Strong winds usher in start of track cycling season
On Sunday evening the 2012-13 Manawatu track cycling opened with a good turnout of new young riders as well as seasoned veterans.
Strong winds made for difficult racing, but this didn't stop riders from working hard for the win.
In contrast, the opening night for the highly popular Wednesday-night time trial series was delayed a week because of extreme winds.
Expect to see fast times during the series when they do start, though, with all riders aiming to set new personal bests throughout the the season and prizemoney up for grabs for the most improved.
■ Sunday was the Rangitikei River loop classic in Hunterville.
Weather was certainly not in the riders' favour with strong winds and wet roads making for difficult racing. The 50km race, on a challenging out-and-back course, was won by Palmerston North Boys' High School rider Cameron Huston coming in more than a minute ahead of second place.
A strong field lined up for the 100km option - a tough circuit starting with a climb of about 3km straight out of town. It didn't take long for the bunch to split up, and a group of about a dozen got away in the strong crosswinds.
The wet roads caused a few spills on the downhills but fortunately no-one was seriously hurt.
Michael Naylor (Wellington) was able to overcome the dramas and wind to take line honours ahead of Josh Page (Hawke's Bay) and Stuart Houltham (Wellington).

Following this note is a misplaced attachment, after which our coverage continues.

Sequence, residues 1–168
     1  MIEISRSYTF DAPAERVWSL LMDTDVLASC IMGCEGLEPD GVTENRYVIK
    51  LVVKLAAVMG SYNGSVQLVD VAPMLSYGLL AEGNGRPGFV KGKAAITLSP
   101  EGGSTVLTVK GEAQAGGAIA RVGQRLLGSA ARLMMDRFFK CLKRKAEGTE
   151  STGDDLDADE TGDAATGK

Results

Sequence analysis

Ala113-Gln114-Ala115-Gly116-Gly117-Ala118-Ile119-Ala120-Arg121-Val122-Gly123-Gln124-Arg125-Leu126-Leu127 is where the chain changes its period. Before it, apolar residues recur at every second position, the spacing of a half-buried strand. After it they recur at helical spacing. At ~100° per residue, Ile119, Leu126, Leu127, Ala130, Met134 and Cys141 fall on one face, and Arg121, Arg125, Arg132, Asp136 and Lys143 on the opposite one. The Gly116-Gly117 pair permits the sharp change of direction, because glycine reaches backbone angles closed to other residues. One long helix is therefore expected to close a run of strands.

Steve Stannard was the best-placed Bike Manawatu rider finishing an impressive eighth. Other notable rides came from Jonty Hapeta, Robert Stannard, and Luuk van Wagtendonk, all finishing in the top 16.
■ Feilding's professional road cyclist and two-time Olympic bronze medallist Jesse Sergent returned home this month.
He will no doubt look to enjoy his time back at home before heading off to Europe to join his Radioshack-Nissan-Trek team-mates to prepare for 2013.
Expect to see his name at the top of race result pages next year. Perhaps another crack at one of the Grand Tours is on the cards too.
■ Lance Armstrong's name has been seen frequently in the headlines lately. It's difficult to know what effect his case will have on the sport.
But on Friday long-time supporter of professional cycling, the giant Netherlands bank Rabobank, announced its withdrawal as a leading professional team sponsor. This comes shortly after Matt White lost his job as director of the newly formed Orica-GreenEdge team after admitting to doping while a team member of Armstrong's US Postal team.
I think it is fair to say the end of this saga is far from over and expect to see a few more interesting revelations!